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New risks to de-risking and legacy glidepaths

July 27, 2022
clock 2 MIN READ

The rise of interest rates is top of mind for most investors. How is this change affecting pension plans?

Good news for funded status

The current rate environment has improved funded status for many pensions in the face of a declining equity market. How each plan responds to this shift is a function of its allocation to fixed income and the resulting hedge ratio. While this may feel like a great opportunity to lock in funded status, there are other factors to consider.

Bad news for funded status

There is an unintended consequence to the higher rate environment: the annual interest cost (or ongoing carry cost) has also increased. For example, in a low interest rate environment the annual estimate of liability growth may have been as low as 3 to 4%. With this increase in interest cost, it could now be 4.5 to 6.5%. This means that the return necessary to keep pace with liability growth, benefit payments, and expenses may increase to the point of needing to re-risk rather than de-risk.

Check your metrics

While generally positive for pension funded status, plan sponsors question how rising interest rates impact glidepath decisions. Specifically, does further de-risking make sense? The current environment warrants a review of asset allocation, glidepath, and the amount of Liability-Driven Investing (LDI), including the construction of the LDI and its yield vs interest cost.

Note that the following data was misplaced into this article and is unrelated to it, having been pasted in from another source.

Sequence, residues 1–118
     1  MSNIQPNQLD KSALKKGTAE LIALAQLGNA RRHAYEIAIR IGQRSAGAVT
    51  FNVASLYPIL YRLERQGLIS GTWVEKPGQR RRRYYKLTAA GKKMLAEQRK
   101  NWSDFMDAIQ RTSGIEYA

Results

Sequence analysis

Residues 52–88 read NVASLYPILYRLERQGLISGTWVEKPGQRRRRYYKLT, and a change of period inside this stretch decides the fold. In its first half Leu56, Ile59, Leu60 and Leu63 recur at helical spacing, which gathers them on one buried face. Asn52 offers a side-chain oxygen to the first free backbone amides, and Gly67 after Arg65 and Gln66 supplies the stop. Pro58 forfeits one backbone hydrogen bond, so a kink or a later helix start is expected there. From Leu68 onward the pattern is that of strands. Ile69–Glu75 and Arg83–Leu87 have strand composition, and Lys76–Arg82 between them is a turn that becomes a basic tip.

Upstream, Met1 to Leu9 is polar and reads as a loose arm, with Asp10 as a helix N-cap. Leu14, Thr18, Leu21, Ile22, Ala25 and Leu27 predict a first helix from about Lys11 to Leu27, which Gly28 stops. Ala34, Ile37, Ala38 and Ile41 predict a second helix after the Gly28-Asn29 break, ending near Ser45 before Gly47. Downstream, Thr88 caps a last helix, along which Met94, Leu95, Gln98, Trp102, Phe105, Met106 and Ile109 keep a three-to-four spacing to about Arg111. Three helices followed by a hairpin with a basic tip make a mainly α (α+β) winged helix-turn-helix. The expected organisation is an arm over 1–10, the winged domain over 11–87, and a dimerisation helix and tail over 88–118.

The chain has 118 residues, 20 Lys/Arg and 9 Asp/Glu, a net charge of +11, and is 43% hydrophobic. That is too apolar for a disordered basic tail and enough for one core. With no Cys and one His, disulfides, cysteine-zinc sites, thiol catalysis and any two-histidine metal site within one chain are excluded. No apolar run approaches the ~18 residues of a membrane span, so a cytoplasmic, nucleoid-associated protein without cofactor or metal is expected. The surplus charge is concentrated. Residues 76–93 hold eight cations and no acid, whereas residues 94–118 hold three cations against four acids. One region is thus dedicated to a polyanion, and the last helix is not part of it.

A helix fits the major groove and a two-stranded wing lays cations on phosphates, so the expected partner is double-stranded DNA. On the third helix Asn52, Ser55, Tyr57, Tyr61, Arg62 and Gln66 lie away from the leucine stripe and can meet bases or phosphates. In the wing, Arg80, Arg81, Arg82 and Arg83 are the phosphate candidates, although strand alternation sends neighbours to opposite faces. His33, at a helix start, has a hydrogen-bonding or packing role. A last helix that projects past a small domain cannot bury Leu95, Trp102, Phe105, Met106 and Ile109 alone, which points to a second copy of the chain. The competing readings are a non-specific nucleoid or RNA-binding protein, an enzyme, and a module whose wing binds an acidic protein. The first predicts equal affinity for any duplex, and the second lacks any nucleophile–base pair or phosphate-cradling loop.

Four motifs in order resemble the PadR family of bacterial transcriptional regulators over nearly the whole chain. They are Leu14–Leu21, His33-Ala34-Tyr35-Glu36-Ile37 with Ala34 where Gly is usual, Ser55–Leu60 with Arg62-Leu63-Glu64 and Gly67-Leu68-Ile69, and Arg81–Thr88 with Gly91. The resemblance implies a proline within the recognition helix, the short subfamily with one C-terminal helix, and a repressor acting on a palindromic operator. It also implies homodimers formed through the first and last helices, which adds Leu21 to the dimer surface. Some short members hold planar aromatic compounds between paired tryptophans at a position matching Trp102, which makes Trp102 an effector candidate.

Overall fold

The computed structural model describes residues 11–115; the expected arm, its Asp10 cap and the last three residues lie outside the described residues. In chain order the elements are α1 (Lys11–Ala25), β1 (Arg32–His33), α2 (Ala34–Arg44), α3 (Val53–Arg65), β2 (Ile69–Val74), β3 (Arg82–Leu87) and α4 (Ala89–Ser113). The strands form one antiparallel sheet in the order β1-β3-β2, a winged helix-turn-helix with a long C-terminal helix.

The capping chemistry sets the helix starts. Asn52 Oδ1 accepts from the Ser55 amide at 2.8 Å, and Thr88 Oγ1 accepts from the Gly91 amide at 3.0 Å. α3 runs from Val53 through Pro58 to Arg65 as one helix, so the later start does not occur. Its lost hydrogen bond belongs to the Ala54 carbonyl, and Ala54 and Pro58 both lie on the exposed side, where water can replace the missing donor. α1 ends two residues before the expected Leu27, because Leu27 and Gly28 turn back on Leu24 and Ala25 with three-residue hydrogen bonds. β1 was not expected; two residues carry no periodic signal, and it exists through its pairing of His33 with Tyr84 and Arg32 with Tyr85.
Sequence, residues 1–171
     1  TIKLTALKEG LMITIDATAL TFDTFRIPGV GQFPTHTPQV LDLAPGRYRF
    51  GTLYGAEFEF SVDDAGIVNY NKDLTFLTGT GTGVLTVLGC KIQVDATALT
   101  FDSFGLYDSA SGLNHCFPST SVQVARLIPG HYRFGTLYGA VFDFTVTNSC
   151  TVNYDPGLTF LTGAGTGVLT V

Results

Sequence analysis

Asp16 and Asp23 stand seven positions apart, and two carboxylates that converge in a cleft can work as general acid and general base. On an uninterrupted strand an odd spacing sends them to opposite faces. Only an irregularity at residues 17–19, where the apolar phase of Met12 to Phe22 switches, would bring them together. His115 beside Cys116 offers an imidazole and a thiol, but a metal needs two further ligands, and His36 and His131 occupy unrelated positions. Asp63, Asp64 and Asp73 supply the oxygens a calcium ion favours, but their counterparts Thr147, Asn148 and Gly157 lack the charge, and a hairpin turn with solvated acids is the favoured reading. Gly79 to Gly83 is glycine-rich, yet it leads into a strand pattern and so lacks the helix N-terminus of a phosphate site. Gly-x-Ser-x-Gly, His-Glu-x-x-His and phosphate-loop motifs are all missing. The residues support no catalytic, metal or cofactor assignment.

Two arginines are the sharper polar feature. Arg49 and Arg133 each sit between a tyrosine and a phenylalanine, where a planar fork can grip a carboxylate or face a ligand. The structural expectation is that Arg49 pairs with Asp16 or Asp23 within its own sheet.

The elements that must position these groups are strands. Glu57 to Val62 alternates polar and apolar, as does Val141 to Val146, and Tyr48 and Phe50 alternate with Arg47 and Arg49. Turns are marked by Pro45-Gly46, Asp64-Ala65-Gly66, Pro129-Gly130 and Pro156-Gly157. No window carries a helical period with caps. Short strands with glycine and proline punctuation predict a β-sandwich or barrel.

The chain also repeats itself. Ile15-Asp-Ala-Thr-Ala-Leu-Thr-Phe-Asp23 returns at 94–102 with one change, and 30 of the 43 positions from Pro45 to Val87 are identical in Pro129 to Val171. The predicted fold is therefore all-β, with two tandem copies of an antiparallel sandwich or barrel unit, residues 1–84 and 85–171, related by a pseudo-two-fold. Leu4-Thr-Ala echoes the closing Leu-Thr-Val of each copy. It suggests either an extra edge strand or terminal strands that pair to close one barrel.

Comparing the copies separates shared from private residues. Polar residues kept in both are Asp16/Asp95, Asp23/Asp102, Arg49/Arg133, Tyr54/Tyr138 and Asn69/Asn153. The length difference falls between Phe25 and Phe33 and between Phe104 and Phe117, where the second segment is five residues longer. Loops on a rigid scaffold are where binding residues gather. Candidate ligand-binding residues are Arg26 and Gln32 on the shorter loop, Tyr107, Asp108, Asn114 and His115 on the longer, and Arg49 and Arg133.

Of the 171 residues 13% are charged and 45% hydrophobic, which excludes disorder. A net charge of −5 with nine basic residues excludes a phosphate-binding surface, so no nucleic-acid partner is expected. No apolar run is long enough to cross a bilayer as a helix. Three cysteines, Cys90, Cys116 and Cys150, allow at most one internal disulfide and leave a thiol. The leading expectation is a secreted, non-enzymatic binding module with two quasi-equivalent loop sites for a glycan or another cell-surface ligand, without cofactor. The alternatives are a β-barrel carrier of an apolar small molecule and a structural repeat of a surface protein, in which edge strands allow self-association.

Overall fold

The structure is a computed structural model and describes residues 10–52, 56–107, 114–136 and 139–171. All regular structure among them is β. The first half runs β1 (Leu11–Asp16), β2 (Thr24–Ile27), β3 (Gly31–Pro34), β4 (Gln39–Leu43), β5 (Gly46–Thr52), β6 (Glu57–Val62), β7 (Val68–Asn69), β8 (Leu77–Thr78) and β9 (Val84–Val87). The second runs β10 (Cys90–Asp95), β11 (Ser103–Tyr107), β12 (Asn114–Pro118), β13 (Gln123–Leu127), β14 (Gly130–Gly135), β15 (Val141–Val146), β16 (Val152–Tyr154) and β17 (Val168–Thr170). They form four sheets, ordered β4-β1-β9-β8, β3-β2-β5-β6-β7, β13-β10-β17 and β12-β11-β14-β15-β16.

Understanding the impacts on funded status in this environment is a first step to improving strategy and eliminating inefficient glidepaths. It is critical to examine these metrics. While on the surface this appears to be an opportunity to lock in funded status, there is an unintended consequence to the increase in discount rates. Plan sponsors may be quite surprised by the impact of de-risking further in this environment.

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Randy Cusick

Managing Director, Client Portfolio Manager, Institutional Group

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Information provided by SEI Investments Management Corporation, a registered investment adviser and wholly owned subsidiary of SEI Investments Company (SEI). Neither SEI nor its subsidiaries is affiliated with any firms mentioned herein.

There are risks involved with investing including loss of principal. No investment strategy, including diversification, can protect against market risk or loss.

Content as of 7/30/2022.